My daughter started preschool a year ago; now she's in Pre-K. She goes two days a week and really enjoys her class activities. But I'm wondering about the trend of getting kids started earlier and earlier. When kindergarten came about, it was to prepare kids for the first grade. It was a half day a week, just sort of easing the kids into school and teaching them how to be students--share, cooperate, follow directions, the basics. Kindergarten isn't even mandatory in all states, but now there are year-long waiting lists to get kids into full-day kindergarten classes. And we have Pre-K programs at our preschools. And preschool is promoted to get kids ready for Pre-K, which will prepare them for kindergarten, which was meant to prepare them for first grade. The insinuation is that if your child doesn't have Pre-K, she'll not be on track for kindergarten, and if she doesn't do preschool, she won't measure up well in Pre-K. So when and why did everything get so competetive? When and why did we stop letting our kids be kids till they started school? What are we pushing them toward, and is it good for them in the long run?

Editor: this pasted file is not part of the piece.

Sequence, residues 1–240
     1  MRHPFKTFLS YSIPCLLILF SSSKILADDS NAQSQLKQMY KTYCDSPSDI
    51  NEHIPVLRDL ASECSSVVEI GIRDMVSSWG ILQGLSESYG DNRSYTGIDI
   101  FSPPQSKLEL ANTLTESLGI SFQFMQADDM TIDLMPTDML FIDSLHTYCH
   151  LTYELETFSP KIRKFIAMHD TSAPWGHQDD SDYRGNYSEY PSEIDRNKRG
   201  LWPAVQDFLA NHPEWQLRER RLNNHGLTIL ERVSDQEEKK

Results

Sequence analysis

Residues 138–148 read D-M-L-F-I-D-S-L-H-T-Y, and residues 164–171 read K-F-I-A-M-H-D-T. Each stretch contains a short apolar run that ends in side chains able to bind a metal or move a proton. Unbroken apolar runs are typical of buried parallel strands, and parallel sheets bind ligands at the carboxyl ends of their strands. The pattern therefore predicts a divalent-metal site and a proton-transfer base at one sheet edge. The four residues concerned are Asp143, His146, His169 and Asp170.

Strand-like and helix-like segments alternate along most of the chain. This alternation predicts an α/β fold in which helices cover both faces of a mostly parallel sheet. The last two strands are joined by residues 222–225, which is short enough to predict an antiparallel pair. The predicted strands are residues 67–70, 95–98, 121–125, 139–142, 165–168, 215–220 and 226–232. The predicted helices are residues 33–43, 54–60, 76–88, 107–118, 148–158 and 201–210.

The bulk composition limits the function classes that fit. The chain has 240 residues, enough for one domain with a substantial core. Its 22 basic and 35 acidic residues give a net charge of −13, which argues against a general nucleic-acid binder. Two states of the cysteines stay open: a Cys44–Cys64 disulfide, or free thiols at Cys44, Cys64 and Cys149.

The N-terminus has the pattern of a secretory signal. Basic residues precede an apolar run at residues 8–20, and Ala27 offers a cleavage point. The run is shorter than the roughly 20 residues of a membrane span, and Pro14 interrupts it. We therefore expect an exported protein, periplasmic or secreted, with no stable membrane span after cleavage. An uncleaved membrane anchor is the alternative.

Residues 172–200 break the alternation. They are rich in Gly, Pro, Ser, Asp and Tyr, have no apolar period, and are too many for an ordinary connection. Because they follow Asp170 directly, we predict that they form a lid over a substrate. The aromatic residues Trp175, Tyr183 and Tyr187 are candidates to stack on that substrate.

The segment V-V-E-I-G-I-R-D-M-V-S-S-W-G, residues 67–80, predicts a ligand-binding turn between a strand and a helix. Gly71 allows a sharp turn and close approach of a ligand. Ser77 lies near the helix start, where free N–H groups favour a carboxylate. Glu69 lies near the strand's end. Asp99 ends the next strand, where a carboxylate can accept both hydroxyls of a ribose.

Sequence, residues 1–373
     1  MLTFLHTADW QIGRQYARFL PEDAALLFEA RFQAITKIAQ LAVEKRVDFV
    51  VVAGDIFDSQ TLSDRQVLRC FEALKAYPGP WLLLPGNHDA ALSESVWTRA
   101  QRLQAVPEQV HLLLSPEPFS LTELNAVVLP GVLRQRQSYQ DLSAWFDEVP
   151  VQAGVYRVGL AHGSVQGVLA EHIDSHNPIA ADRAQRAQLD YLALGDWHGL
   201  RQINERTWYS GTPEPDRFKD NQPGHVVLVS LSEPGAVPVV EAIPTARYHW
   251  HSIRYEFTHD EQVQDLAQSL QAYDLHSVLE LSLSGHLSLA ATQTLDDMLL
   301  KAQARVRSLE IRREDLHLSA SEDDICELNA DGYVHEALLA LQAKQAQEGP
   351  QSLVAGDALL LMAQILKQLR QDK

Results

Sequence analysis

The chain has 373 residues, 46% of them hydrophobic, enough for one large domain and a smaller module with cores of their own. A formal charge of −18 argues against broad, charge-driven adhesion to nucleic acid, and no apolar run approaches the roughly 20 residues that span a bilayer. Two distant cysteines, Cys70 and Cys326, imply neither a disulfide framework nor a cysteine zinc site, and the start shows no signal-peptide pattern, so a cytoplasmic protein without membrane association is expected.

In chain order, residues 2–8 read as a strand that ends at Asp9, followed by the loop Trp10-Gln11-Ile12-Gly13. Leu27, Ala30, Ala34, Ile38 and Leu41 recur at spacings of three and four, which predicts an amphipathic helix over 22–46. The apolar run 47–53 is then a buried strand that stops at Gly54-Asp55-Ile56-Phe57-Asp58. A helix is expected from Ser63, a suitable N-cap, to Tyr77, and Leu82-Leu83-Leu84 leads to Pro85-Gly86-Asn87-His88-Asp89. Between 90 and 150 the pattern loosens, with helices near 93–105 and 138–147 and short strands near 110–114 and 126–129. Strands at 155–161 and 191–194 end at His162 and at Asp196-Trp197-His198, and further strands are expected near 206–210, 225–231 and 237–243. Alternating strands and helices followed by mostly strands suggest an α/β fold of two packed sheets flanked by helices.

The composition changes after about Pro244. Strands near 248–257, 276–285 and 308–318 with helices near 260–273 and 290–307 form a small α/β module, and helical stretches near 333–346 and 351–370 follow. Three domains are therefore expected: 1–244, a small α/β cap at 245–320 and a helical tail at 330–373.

Answer by frogdawg at 7:06 PM on Aug. 16, 2012
Answer by hibbingmom at 4:40 PM on Aug. 16, 2012
I've thought the same thing for the last couple of years. In some areas parents stress over applications for preschool and prek admissions, and will pay big bucks for the privilege of their kids being accepted. I think its crazy.
Answer by meooma at 4:34 PM on Aug. 16, 2012
Answer by DreainCO at 4:38 PM on Aug. 16, 2012
Answer by girlwithC at 12:19 AM on Aug. 17, 2012
Answer by girlwithC at 1:43 AM on Aug. 17, 2012
Answer by girlwithC at 2:19 AM on Aug. 17, 2012
Answer by frogdawg at 6:58 PM on Aug. 16, 2012